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People who are particularly interested in examining Van Gogh's artistic techniques are having something of a heyday at the moment. There is, first, the large and comprehensive exhibition currently at the Van Gogh Museum in Amsterdam, "Van Gogh at Work" (see the reviews on this website), and, second, the book under review here is the catalogue accompanying the current exhibition at the Phillips Collection in Washington, D.C. (from October 2013 until January 2014 and then at the Cleveland Museum of Art from March until May 2014). The impetus for this exhibition came from the idea of bringing together two canvases with the same subject that Van Gogh worked on in November and December 1889: Cleveland's "The Large Plane Trees" and The Phillips's "The Road Menders" (the jacket illustration shows details of these two paintings, l. and r.). These are what Van Gogh and other artists and art historians refer to as "repetitions," i.e., more or less faithful recreations of the same subject--as distinct from other kinds of copies. The creation of repetitions was quite common in the nineteenth century; they were considered to be as original and autonomous as the initial creations and were held in equally high esteem. Van Gogh painted at least a couple of dozen of such series, and this exhibition draws on the collections of over twenty-five lenders to bring some of them together. It is an excellent way to query and illuminate Van Gogh's techniques and to appreciate the amount of industry, planning and rational thought that went into Vincent's art. This is, in part, consciously conceived as a corrective to the common view that his procedures were akin to the "blinding simple-mindedness of a child," to use the words of Steven Naifeh and Gregory White Smith in their recent biography of the painter. In the first of his introductory essays, "The Artist Versus the Legend: Repetitions and Madness," Theodore H. Robinson, the Curator of Modern Art at the Cleveland Museum and co-editor of the catalogue, uses that Naifeh/Smith quotation as an epigraph, and then demonstrates that Vincent's procedures were anything but blind or simple-minded and have nothing whatever to do with madness. That and Dr. Robinson's second essay, on the origins and development of the repetitions, set the theoretical and historical framework for the analysis of the series that follows.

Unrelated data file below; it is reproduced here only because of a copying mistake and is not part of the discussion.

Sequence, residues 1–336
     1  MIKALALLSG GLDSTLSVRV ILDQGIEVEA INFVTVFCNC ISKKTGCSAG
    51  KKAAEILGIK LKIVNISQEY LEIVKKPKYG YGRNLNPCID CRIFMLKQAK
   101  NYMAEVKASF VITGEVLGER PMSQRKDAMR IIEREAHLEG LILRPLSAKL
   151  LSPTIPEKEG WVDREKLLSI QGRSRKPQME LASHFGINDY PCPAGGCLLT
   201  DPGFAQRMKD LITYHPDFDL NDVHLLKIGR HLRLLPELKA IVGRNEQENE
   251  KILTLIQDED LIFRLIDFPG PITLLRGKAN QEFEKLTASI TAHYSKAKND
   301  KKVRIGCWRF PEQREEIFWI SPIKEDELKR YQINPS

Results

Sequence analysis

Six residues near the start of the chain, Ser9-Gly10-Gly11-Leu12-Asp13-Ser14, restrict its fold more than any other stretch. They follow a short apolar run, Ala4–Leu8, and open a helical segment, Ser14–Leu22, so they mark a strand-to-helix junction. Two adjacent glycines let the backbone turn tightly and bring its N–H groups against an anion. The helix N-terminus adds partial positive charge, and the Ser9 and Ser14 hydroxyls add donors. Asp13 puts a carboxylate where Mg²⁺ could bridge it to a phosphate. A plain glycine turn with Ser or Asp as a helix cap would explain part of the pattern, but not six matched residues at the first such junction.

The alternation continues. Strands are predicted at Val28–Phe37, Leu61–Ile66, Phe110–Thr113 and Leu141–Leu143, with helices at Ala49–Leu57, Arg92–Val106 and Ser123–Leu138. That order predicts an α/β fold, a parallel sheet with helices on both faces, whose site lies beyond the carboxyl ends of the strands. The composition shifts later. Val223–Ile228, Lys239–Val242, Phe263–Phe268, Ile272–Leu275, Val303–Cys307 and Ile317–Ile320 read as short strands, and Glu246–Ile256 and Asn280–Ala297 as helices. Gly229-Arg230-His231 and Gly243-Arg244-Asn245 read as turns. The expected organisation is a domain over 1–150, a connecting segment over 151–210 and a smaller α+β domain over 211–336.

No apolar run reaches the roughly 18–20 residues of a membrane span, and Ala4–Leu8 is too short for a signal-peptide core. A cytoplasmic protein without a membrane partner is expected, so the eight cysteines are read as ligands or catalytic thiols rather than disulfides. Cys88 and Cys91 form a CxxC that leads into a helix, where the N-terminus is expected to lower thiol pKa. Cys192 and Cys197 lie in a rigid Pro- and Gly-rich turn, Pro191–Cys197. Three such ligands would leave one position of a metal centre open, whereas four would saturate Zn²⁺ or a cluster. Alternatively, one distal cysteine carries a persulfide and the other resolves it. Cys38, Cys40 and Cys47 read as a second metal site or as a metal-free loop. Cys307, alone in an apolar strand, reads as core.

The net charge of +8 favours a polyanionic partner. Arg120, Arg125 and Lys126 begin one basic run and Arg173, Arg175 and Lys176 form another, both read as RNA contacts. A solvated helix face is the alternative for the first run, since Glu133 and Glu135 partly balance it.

The repetitions themselves are discussed in the catalogue "entries," arranged chronologically from the early "Weavers" (December 1883 to August 1884) and "Le Moulin de la Galette" (October 1886) to the better known series done during and after Vincent's residence in Arles, e.g., the postman Joseph Roulin and his family, including the "Berceuse" paintings of Mme. Roulin, the "L'Arlesienne" after the drawing of Gauguin, etc. There are eleven of these "entries," each discussed by one or more of the contributing curators, including Eliza Rathbone, who is Chief Curator at The Phillips, with technical data contributed by the museums' conservators. It is quite fascinating to see these versions juxtaposed so closely and to observe the sometimes minute and sometimes quite considerable variations and to follow the curators' arguments as to the sequencing of the canvases--usually not very easy and sometimes not even possible to establish. The thirty-one catalogue plates and ninety-two accompanying illustrations (many of which are reproduced full-page, as are all the plates) are integrated with the discussions, so that text and illustration are never very far apart and it is very easy to compare the paintings. Our understanding of the variations among the repetitions is enhanced not only by the frequent detail illustrations but also by devices like digital overlay of the major outlines of one painting over another to indicate changes in size and shape. The technical information provided for each group is copious and probably more than enough for all but the most ardent fans of x-ray florescence, x-radiography and similar analyses, but it is that kind of technical examination that helps conservators to authenticate or de-authenticate questionable attributions, establish sequence, document technique, and do the many other things that contribute to our overall understanding of the paintings. They are not for everybody, but "the devil is in the details," and it is good that they are there; it is all brand-new information and will be especially welcome to art historians and scholars. The final essay of the catalogue is by Marcia Steele and Elizabeth Steele, the chief conservators at the Phillips and Cleveland, resp., and deals with the various methods of making repetitions, such as tracing, squaring, using the perspective frame, etc. The volume concludes with a checklist of the exhibition with full curatorial data, and an index. There is no general bibliography, but the meticulous annotations in the essays provide specific bibliographical references. In sum, this is a very welcome addition to the literature on Van Gogh, for it throws a much broader light on an aspect of his art that the "Van Gogh at Work" exhibition and catalogue was able to address only in passing and over only a couple of pages. It is the first exhibition and publication to focus specifically on Van Gogh's repetitions, and it has made clear that their creation was not accidental or haphazard, but an essential aspect of Van Gogh's aesthetic thought and an integral part of his artistic practice--an insight we owe to this very informative exhibition and its fine, very well produced and excellently illustrated catalogue.